And these details should lead to more questions.
First, a little background
Earlier this year, Regnerus published a study which claimed that children in same-sex households face several problems. Conservatives and the religious right quickly lauded this study. But many others pointed out errors in the study's conclusion and methodology. In fact, over 200 professors and researchers signed a letter condemning it.
A chief complaint has been where Regnerus received his funding. According to Wayne Besen of the group Truth Wins Out, the head of the study, Mark Regnerus, received a $695,000 grant from the Witherspoon Institute for the study
The Witherspoon Foundation is affiliated with Princeton professor Robert George. At the Witherspoon Foundation, he is a Herbert W. Vaughan Senior Fellow George is also a founder and chairman emeritus of the National Organization for Marriage, an organization whose goal is to stop marriage equality.
Since Regnerus's study was published, NOM and the Witherspoon Institute has been pushing it steadily. According to the Huffington Post, Maggie Gallagher, the former president of NOM and other groups associated with the organization have widely publicizing Regnerus' work:
Gallagher has been especially active in promoting the study, writing three posts about it on the website of the conservative National Review. She penned a column for the conservative Town Hall under the headline, "The Gay Murphy Brown Effect."
Gallagher's Culture War Victory Fund, which was incubated at the American Principles Project, a group founded by Robert George in 2009, promoted the same articles that NOM did on its blog.
Another NOM-connected group, the Love and Fidelity Network, also promoted the study.
The Love and Fidelity Network shares an office with the Witherspoon Institute. Gallagher and George, the founders of NOM, are on the Network's advisory board. Luis Tellez, who founded the Witherspoon Institute with George, is also on the advisory board of the Love and Fidelity Network.
For its part, the Witherspoon Institute wrote a lengthy analysis of Regnerus' study under the headline, "The Kids Aren't All Right: New Family Structures and the 'No Differences' Claim."
The Witherspoon Institute also launched a website featuring Regnerus' data.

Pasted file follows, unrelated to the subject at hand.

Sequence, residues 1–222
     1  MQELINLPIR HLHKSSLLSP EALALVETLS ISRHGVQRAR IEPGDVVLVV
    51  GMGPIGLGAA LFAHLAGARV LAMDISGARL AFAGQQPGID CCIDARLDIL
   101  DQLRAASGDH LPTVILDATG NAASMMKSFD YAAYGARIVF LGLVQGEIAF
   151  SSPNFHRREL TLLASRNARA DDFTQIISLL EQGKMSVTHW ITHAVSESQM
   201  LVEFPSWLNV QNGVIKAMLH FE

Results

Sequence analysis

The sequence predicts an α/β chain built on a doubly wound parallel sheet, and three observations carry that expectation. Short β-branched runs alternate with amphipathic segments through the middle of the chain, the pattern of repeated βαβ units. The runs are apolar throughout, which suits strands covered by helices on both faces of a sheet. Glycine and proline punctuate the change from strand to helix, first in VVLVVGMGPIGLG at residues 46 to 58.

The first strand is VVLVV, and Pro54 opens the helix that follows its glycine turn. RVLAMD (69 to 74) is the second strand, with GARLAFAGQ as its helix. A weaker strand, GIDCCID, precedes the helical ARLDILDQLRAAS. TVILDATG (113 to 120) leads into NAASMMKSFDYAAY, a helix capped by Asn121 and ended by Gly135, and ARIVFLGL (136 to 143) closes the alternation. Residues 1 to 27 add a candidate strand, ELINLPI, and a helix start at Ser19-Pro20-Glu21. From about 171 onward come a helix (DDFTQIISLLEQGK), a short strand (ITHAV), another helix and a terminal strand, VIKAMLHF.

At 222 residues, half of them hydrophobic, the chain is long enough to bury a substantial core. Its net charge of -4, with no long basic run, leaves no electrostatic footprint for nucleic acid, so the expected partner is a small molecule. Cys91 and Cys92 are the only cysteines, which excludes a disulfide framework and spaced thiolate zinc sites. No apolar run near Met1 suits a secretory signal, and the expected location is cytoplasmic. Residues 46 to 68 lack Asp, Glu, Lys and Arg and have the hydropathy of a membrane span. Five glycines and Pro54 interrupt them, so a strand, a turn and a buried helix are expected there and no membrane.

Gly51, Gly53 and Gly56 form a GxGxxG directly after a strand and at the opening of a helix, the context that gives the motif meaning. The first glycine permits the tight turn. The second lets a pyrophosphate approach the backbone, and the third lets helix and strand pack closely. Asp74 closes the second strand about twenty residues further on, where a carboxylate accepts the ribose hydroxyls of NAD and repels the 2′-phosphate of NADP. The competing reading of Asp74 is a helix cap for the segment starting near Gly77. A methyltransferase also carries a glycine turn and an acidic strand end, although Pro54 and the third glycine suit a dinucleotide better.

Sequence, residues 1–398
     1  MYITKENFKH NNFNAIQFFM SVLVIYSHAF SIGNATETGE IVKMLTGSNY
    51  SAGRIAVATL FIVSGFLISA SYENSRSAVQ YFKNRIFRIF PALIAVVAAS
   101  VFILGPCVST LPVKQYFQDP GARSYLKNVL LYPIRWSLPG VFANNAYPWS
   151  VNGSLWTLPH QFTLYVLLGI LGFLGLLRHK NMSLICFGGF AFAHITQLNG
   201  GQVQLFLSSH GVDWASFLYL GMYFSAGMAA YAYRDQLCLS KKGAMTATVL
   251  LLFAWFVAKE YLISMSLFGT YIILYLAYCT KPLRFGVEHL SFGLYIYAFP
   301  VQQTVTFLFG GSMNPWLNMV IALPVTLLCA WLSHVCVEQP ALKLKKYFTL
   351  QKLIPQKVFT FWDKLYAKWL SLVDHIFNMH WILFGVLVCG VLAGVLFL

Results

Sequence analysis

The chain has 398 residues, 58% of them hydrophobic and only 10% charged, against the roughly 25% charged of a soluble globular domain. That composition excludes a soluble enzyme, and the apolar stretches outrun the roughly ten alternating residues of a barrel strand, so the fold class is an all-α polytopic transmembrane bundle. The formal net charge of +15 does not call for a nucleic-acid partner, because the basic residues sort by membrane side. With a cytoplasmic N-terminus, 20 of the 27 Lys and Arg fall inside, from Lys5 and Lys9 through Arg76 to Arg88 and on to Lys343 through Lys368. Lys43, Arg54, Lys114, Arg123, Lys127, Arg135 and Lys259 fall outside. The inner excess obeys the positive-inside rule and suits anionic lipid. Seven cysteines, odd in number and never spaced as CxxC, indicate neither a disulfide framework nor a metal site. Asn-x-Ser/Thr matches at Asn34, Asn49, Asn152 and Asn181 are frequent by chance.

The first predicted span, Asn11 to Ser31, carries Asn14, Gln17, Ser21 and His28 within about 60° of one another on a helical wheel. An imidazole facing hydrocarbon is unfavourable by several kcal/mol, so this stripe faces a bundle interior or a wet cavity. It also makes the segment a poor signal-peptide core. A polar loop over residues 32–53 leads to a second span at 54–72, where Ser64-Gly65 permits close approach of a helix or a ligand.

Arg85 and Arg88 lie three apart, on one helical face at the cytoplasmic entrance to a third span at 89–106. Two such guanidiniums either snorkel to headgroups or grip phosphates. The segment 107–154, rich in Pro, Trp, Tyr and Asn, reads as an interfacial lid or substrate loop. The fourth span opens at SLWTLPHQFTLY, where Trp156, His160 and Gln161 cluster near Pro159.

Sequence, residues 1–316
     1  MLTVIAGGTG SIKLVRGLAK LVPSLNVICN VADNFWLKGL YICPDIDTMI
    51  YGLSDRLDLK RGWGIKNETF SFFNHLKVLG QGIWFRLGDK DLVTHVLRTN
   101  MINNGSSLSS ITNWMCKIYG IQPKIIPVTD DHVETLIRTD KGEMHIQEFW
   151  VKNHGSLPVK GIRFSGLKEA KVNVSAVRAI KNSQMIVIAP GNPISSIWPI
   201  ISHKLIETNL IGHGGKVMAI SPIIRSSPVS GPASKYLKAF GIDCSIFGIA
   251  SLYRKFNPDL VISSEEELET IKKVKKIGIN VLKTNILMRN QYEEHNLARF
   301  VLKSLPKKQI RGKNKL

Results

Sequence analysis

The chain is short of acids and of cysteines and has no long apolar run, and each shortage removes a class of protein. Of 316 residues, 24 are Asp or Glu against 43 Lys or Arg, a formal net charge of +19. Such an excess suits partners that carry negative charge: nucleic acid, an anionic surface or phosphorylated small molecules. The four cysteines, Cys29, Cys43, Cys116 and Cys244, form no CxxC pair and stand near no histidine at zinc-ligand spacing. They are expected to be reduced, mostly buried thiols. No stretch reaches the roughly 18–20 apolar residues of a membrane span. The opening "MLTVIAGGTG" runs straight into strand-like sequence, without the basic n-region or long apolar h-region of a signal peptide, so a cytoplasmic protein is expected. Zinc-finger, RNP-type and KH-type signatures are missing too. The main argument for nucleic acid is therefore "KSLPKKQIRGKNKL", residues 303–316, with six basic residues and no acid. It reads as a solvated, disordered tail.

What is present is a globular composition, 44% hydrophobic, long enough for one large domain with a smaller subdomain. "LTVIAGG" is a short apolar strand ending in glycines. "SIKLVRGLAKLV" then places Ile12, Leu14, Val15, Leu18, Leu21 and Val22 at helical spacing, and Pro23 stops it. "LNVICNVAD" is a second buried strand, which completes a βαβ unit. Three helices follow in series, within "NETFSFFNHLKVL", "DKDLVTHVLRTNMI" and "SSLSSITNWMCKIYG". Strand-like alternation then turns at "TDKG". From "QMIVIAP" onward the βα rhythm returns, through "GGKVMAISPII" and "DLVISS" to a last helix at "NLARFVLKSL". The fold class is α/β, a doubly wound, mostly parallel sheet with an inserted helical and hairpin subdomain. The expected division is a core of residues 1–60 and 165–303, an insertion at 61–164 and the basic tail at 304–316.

Regnerus has insisted that the study's funders had nothing to do with its outcome. But this is where the new information comes in from The Statesman newspaper in Texas.
According to an article which appeared on Thursday, Regnerus was approached to do the study by a member of the Witherspoon Institute. This is noted at least two times in the article:
1. The Witherspoon Institute approached Regnerus, a sociologist, about doing a study on gay parenting and contributed about $700,000 to his project, according to Regnerus and Luis Tellez, president of the Princeton, N.J.-based institute. The Bradley Foundation, based in Milwaukee, supplied $90,000 for the work, according to Regnerus. The Bradley Foundation did not respond to requests for comment.
The grant — the largest the Witherspoon Institute has ever given for faculty research — came with no strings attached and no pressure for a particular outcome, Tellez says.
2. In the case of the Regnerus study, Witherspoon solicited Regnerus for the work, according to Tellez, the institute's president. Tellez said he sought money to help pay for the study from liberal philanthropists as well as Witherspoon's mostly socially conservative contributors. But no liberal individuals or groups gave money for the project, he said.
Regnerus, in an email to the Statesman, said, "the plan for the particular study that was carried out was generated by me, with the help of a variety of consultants."
Tellez said he approached Regnerus for the study because he had met the scholar at events sponsored by Witherspoon and found him to be "a darn good scholar, a careful scholar, (and) easy to work with."
"We knew that (the study) would probably, one way or the other, be a disappointment to some people. It would disappoint us, or donors, or people on our left," Tellez said, later adding, "We let the chips fall where they may."
Sorry but I have a hard time believing, in spite of the assurances, that the Witherspoon Institute, a conservative organization with a specific agenda, would approach someone to do a study and freely give what it calls "the largest grant given to faculty research" if it didn't have expectations of what it would be receiving.
Certain questions need to be asked of the parties involved in the creation of this study - specifically why did the Witherspoon Institute want to create such a study and what did it hope to accomplish?